Landewednack  Cornwall


In 1870-72, John Marius Wilson's Imperial Gazetteer of England and Wales described Landewednack like this:

LANDEWEDNACK, a parish, with a village, in Helston district, Cornwall; on the coast, 11 miles SSE of Helston, and 22 SSW of Falmouth r. station. It includes the Lizard, Kinance Cove, Asparagus Island, the Devil's Bellows, and Cadgewith village, which are noticed in their own alphabetical places; and it contains the post-office of Lizard, under Helston. ...

Acres, 1,999. Real property, £1,867; of which £50 are in quarries. Pop., 429. Houses, 91. The manor belonged to the Earl of Mortaigne, and passed to the Hawkinses. The coast scenery, the rocks, and the minerals, are highly interesting. Serpentine of remarkable beauty, and susceptible of high polish, is worked; and bricks and tiles are made. The Balk of Landewednack is a remarkable cliff; and the Cove of Landewednack is a place of the pilchard fishery. The living is a rectory in the diocese of Exeter. Value, £253.* Patron, P. V. Robinson, Esq. The church has a Norman door and a pinnacled tower; contains an ancient inscribed font and several monuments; and is said to have been the place where the last sermon in Cornish was preached. The churchyard contains the remains of a number of persons who died of plague in 1645. An ancient granite cross is between the village and the Lizard. There are chapels for Wesleyans and United Free Methodists, a parochial school, and a life-boat station.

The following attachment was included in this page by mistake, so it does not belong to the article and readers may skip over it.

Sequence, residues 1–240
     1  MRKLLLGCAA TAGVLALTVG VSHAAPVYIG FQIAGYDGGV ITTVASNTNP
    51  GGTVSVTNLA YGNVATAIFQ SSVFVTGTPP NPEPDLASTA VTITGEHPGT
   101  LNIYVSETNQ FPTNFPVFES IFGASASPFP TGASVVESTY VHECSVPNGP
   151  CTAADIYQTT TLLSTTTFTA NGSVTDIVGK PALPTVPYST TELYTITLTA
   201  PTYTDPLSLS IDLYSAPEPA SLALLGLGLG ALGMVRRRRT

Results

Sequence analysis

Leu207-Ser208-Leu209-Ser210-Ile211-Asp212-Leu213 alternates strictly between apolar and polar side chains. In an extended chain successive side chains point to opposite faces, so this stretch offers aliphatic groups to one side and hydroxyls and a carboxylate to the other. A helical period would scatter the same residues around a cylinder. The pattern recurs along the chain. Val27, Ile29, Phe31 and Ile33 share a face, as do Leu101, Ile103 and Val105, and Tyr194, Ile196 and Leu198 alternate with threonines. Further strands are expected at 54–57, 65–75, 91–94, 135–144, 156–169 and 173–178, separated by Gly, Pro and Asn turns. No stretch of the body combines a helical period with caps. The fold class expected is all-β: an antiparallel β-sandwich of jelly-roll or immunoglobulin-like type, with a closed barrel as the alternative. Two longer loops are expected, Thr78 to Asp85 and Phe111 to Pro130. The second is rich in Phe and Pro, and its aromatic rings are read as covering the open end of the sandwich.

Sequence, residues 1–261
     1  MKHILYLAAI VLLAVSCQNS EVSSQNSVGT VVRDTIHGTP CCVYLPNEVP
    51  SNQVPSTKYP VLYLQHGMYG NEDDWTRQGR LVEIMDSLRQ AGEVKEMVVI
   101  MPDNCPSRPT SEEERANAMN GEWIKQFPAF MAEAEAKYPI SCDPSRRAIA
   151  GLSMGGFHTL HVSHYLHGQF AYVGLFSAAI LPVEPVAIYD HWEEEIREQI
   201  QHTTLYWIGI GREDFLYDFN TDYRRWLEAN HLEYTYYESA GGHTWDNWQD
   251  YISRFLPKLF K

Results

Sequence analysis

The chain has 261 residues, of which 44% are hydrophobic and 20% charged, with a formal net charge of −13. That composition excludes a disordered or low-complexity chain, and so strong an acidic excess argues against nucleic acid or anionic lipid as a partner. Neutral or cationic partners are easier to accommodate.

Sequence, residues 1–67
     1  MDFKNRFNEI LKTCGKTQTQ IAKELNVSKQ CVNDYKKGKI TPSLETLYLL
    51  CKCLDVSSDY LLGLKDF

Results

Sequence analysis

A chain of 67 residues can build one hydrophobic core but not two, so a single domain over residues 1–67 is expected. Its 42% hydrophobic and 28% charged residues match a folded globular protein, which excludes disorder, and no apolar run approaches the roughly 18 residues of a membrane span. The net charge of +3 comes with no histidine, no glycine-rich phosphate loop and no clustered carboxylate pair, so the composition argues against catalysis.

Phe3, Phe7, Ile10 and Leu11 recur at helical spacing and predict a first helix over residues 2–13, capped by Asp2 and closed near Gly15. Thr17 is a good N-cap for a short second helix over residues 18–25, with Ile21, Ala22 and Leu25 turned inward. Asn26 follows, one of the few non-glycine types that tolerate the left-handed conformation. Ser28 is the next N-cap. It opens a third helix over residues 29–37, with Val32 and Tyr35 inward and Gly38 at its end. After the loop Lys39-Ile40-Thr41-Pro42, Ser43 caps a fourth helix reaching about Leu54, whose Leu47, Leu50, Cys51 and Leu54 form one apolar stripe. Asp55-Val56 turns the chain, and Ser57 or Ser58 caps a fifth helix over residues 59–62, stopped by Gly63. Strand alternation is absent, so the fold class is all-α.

Landewednack through time

Landewednack is now part of Kerrier district. Click here for graphs and data of how Kerrier has changed over two centuries. For statistics about Landewednack itself, go to Units and Statistics.

How to reference this page:

GB Historical GIS / University of Portsmouth, History of Landewednack, in Kerrier and Cornwall | Map and description, A Vision of Britain through Time.


Date accessed: 13th July 2024

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